Outcomes in patients with sarcoidosis and COVID-19

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Sarcoidosis, vasculitis, and diffuse lung diseases


BACKGROUND AND AIM: The effect of COVID-19 in patients with sarcoidosis has not been fully explored. The aim was to conduct a retrospective cohort study investigating outcomes in patients with sarcoidosis who were hospitalized with COVID-19.

METHODS: We included patients who had diagnoses of sarcoidosis and COVID-19 between January 1, 2020, and February 28, 2021. Primary outcomes included development of critical COVID-19; need for supplemental oxygen, noninvasive ventilation, and invasive ventilation; and death. Association of comorbidities and immunosuppression therapy with outcomes were analyzed. Multiple logistic regression analysis was used to assess risk factors associated with critical COVID-19.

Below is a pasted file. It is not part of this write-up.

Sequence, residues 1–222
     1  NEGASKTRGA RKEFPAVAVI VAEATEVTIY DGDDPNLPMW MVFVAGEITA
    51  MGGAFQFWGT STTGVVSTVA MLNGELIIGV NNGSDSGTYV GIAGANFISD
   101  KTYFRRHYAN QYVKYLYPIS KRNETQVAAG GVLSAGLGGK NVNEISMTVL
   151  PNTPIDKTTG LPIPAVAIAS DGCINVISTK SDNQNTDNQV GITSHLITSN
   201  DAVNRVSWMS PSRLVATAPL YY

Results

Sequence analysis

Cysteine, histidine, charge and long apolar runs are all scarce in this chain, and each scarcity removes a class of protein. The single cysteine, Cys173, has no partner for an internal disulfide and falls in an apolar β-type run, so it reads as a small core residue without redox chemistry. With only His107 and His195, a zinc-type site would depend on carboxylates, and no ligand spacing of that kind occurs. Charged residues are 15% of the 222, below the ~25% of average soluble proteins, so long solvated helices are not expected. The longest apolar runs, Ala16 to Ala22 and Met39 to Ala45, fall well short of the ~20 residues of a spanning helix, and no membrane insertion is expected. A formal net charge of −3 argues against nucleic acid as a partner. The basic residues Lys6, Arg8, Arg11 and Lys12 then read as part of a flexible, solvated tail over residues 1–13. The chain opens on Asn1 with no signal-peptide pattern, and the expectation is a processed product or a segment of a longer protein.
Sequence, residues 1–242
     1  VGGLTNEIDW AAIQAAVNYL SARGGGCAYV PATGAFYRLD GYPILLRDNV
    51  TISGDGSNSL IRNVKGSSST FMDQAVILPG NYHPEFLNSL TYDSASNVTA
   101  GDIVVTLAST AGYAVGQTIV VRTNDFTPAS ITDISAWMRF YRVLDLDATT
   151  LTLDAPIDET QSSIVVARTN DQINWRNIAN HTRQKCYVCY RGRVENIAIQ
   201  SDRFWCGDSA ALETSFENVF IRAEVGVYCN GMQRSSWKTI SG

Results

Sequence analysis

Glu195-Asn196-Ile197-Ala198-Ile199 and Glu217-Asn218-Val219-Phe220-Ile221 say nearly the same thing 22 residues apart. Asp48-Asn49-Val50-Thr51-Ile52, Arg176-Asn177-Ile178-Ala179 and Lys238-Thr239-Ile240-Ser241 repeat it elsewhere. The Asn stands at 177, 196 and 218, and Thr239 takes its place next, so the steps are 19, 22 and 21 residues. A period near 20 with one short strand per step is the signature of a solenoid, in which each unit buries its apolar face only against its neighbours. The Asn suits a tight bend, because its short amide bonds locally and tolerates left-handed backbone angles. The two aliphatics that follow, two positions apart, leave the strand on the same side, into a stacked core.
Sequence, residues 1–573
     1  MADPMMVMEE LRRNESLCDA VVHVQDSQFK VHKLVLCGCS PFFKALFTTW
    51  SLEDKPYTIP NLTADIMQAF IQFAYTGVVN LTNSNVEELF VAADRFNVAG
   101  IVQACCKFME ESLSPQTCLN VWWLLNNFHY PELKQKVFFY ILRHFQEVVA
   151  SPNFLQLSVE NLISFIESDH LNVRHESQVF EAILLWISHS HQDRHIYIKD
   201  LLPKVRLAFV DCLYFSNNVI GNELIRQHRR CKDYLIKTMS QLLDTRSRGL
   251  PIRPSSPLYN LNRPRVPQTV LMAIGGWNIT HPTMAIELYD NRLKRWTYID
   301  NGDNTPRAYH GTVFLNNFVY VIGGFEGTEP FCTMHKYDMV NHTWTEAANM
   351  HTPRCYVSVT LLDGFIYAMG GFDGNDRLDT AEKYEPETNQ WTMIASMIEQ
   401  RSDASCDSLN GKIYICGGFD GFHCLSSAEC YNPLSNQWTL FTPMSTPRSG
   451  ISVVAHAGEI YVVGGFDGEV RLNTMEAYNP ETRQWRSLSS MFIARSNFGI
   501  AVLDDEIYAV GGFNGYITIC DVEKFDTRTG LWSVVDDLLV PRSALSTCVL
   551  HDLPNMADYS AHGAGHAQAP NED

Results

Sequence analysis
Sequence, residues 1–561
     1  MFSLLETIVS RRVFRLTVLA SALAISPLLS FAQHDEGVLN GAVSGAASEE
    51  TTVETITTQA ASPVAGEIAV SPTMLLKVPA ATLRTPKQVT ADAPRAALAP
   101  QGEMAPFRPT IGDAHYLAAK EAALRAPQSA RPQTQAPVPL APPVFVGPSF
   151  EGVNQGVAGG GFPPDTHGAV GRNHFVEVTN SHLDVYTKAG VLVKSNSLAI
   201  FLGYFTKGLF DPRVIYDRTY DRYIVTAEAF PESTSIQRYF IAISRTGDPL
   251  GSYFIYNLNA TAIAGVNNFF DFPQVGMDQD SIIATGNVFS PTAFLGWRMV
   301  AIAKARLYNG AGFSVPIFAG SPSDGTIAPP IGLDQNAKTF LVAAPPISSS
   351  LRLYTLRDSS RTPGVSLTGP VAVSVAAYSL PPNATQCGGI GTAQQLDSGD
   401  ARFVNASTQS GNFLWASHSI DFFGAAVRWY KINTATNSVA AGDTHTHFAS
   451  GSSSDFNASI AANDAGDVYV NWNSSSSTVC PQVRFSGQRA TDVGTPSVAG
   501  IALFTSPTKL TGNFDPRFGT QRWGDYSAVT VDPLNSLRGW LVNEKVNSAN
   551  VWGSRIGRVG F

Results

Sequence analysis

RESULTS: Of 1198 patients with COVID-19, 169 had sarcoidosis (14.1%) and 1029 (85.9%) did not (control group). Of the 169 patients with sarcoidosis and COVID-19, 84 (49.7%) were hospitalized (study group: mean age 62.4 years; 61.9% women; and 56.0% Black). The study group required supplemental oxygen (81% vs 62%; p = 0.001) and noninvasive ventilation (33.3% vs 6.4%; p < 0.001) more often and had lower mortality (15.5% vs. 30.4%; p = 0.004) than the control group. In patients hospitalized with COVID-19, sarcoidosis was not associated with critical COVID-19 (odds ratio, 0.77; 95% CI, 0.46-1.29; p = 0.317), but having sarcoidosis while taking immunosuppression therapy was associated with decreased risk of critical COVID-19 (odds ratio, 0.45; 95% CI, 0.31-0.65; p < 0.001).

CONCLUSIONS: Patients with sarcoidosis may not be at increased risk of critical illness or death from COVID-19, and immunosuppression therapy in these patients may reduce the risk of critical COVID-19.

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